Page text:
Thursday, November 29, 2012

Presidential Check (maybe Mate)

Republicans are breaking on the edge of the fiscal cliff.

The President set this up very well politically. A few Republicans, having learned some difficult mathematical reality on election night, are now facing reality on the Bush tax cuts. My new hero is a Reality Republican Congressman from Nebraska:
Rep. Lee Terry, R-Neb., signed Norquist's pledge but says now that he's open to a deal that includes some new tax revenues. . . . “We're screwed either way,” Terry said. “We really have no leverage in these discussions.”
Representative Lee Terry, Republican, Nebraska's 2nd Congressional District
I don't know much else about Rep. Terry, but I think he gets it.

Betting on his win of a second term, the President set up this fiscal cliff trap for the Republicans some time ago. It has to be avoided. If they vote to raise any type of taxes, they break their grover pledges and are subject to a challenge from the tea party right-wing of their party in the primaries of 2014. If they don't support a deal and we go off the cliff, even for a short time, the markets (one of their natural constituencies) and the people at large, will not be too happy - not to mention the whole military-industrial complex (another natural constituency in spite of warnings from Pres. Eisenhower), that will also be at serious risk. They will be blamed and weakened politically either way, so maybe the Democrats' chances in the 2014 mid-terms could be looking up - not to mention our chances for a little fiscal policy sanity to address taxes,deficits, and budgets.

In the movie Lincoln, our greatest President is portrayed engaging in some tricky political maneuvering to get the Thirteenth Amendment freeing the Slaves through a difficult House of Representatives. President Obama did read that book (Team of Rivals) and see the movie. Maybe Rep. Terry did too.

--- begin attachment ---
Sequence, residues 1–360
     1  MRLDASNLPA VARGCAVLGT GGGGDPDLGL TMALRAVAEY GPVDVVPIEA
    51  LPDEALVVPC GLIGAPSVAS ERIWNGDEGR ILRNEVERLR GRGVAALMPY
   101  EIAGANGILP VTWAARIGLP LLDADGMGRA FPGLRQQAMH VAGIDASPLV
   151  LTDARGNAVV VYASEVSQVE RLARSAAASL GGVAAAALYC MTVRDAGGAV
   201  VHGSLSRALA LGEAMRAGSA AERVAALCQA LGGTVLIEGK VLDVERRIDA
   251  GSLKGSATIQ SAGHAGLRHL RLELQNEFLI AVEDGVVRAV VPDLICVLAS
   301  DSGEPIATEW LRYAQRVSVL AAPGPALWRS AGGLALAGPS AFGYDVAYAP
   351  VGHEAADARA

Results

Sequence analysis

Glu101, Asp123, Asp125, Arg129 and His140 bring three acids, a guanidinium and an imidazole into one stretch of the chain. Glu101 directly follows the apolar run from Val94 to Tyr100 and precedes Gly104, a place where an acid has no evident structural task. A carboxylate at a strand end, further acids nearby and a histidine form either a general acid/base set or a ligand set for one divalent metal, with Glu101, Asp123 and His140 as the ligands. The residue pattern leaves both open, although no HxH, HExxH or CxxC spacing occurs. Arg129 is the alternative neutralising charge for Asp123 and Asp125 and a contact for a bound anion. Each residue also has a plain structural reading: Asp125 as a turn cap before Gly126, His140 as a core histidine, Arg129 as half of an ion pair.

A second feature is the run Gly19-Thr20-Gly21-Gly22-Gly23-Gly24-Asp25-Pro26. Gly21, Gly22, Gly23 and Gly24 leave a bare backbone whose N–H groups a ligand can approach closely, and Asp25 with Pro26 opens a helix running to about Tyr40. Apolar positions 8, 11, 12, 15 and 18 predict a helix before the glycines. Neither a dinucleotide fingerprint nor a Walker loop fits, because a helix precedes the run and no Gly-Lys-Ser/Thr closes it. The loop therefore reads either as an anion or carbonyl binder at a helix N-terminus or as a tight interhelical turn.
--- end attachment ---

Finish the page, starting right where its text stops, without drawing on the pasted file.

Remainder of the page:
And I already e-mailed my Senators and Congressman. They probably won't listen to me. Thank heavens for a National Union and a good President!


  1. Perhaps tax cuts were promises made long ago by the Bush Adm. However our president has done nothing to curb government's not how much you take in but how much you within your means has always been good policy....the fact that past and current administrations have avoided this policy has created our current market situation..I would love to see him (our "good" president) curb his spending before taking in taxes!

    1. My salary has certainly been curbed. Spending isn't the problem. A silly pledge to absolutely never raise taxes is.

    2. I could live without tax increases, as long as all the cuts came from military and defense spending, closing business tax loop holes, stopping crop subsidies to "farms" making over 10 million a year profit, and that changed the "loop hole" that gives capital gains a different tax rate than regular income.

      I think that we should also require that none of the cuts come from soldiers salaries, below the rank of General, and that automatic cost of living raises be built in to wages, healthcare and relocation costs for soldiers, veterans and their families. The number of soldiers needed will go down as we get ourselves out of wars, and hopefully many foreign bases, but programs and weapons should take the funding cuts, not soldiers, vets and their families. If anything, pay and benefits to military families and veterans families are the one place I see military spending as woefully inadequate.

      In exchange I would like Grover Norquist to add to his "no new taxes pledge" a clause that extends that to any regressive tax, so that social security is taxed on all income, sales taxes on those who live at 200% above the poverty line and below would have those taxes returned to them at the end of the year in the form of vouchers that can be used for housing, medical care, utilities or food (no sales tax paid when using vouchers) so that there is a way to make sure that the money is going for basic expenses. I would also like to see Norquist explicitly state that closing loopholes or lowering or taking away subsidies to corporations is not the same as raising taxes.

      I think that could quickly fix the cliff, and actually set us on a path forward where Medicare and Medicaid, along with food stamps, section 8 housing funding and education funding are not in jeopardy. It would also turn us in a direction where we are spending the money we have more efficiently, which goes directly to Mr Anonymous's point about needing to live within our means. We absolutely need to stop spending so much money on corporate welfare programs!


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